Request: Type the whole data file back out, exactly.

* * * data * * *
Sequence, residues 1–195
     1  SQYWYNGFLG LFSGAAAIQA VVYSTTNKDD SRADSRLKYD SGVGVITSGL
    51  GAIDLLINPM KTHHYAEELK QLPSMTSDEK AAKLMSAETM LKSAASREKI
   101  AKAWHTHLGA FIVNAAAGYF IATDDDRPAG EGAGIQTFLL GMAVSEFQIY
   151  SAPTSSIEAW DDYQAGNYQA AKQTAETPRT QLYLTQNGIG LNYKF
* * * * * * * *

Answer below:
Sequence, residues 1–195
     1  SQYWYNGFLG LFSGAAAIQA VVYSTTNKDD SRADSRLKYD SGVGVITSGL
    51  GAIDLLINPM KTHHYAEELK QLPSMTSDEK AAKLMSAETM LKSAASREKI
   101  AKAWHTHLGA FIVNAAAGYF IATDDDRPAG EGAGIQTFLL GMAVSEFQIY
   151  SAPTSSIEAW DDYQAGNYQA AKQTAETPRT QLYLTQNGIG LNYKF